You may remember a couple of years ago now, that I published a number of articles on the issue of Debt Recovery and specifically, Debt Recovery in the travel industry.
It is hard to believe that, almost to the day, it has been two years since we entered our first national lockdown. Two years since we all started working from home. And two years since, as an industry, we battened down the hatches and entered survival mode – putting all of our time, focus and energy into facing one of the biggest challenges to ever come our way. It was a case of trying to prioritise every customer, every booking, every penny and in doing so, we sadly learnt that whilst many of us were prepared to comply with our contractual and legal obligations, others were not – thus leaving us with breached contracts and large sums of money owing.
Throughout the past two years, many travel businesses saw themselves let down by suppliers. Hotels, airlines, transfer companies, many of which outside of the UK, had closed their doors and simply stopped responding to calls or answering emails. But as the world of travel begins to reopen, and trade between hotels, airlines and other suppliers restarts, now is the time address those outstanding sums and also assess the relationships with these suppliers who, perhaps having shown their true colours, are suppliers with whom we no longer wish to work.
Communication and Negotiation
There is not a business within the travel industry that has not struggled over the past 24 months. That is a fact. Understanding and communication of the position is therefore key. Perhaps a hotel with which you have worked successfully for years was forced to close its doors and, despite holding thousands of pounds of your customer’s cash, was not in a position to refund. Now, as things stand, it is agreed that they owe you X, however they are reopen, and want to work with you again, as before, moving forward.
Rather than commencing legal action to recover the outstanding sums, perhaps consider an offset of the sums owing from monies due going forward. In addition, and in light of your goodwill, will the hotel agree to reduced rates for the 2022 season? Now that the hotel is reopen and making money again, can the outstanding balance be repaid over a period of time?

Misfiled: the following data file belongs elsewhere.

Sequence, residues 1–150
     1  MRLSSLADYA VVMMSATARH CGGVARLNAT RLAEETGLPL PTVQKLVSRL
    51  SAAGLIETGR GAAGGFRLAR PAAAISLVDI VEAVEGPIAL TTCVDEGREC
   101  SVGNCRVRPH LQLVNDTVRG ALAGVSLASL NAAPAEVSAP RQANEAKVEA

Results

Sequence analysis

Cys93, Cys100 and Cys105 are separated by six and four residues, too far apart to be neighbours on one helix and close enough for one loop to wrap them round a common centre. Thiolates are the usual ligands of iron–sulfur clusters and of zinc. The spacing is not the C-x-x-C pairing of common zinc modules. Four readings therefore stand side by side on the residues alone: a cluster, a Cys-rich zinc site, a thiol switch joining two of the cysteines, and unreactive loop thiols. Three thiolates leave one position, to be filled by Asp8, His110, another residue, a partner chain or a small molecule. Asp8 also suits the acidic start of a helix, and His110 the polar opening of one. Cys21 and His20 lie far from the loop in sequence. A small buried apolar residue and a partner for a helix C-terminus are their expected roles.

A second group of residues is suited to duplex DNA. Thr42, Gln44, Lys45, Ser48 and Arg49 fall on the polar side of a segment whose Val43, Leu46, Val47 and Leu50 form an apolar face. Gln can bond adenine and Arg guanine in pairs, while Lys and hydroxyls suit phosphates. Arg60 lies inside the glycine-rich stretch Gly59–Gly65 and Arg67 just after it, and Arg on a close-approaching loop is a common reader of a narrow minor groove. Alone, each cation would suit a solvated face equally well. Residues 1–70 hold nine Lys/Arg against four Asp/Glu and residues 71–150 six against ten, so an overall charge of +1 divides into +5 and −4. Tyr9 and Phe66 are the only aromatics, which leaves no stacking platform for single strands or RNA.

It is not always a case of jumping headfirst into a legal claim, or threatening winding up action as an ultimatum. Provided the other party is prepared to communicate and negotiate, matters like this can be resolved – however make sure such resolution is done properly and with the correct paperwork in place.
Contracts and Agreements
Probably one of the biggest and most common issues that we at Travlaw saw come to light as a result of COVID, was company’s contracts and terms and conditions not being up to scratch. Of course, two years ago we never could have imagined the predicaments that the industry would face, but we now know just how important repayment terms are. Indemnities. Jurisdictional clauses. Terms that, had they been included originally, would have saved a lot of time and hassle in recovering sums that were rightly due.
I’ve said it before and I’ll say it again – now is the time to get your paperwork in order.
Even if you have worked with a supplier for years, without anything going wrong, there is no harm in a review and a refresh of your contractual agreements. Likewise, perhaps you have been working with suppliers without any agreement in place at all (it’s more common than you think!) – protect yourself and your business and ensure that this is not the case going forward.
Not all negotiations can be successful and in many cases, despite the best efforts of travel companies, suppliers or other business entities are simply not prepared to address their debts or accept the reality of the monies that they owe. Foreign companies especially may believe that they are ‘out of reach’ of UK companies, and cannot be pursued; however that is most definitely not always the case. Whilst legal proceedings should only ever be used as a last resort, it may be that that is where we find ourselves. Commencing proceedings can be daunting, and there are many factors to consider (not least, time, cost and the risk involved). But for companies who are owed thousands, if not tens of thousands or more, and have themselves been struggling because of the failure of others – then legal action is most definitely a route worth considering.
If you would like to discuss sums owing to your business and need assistance or guidance in the debt recovery process, please contact;
0113 258 0033
This article was originally published on: 15 March 2022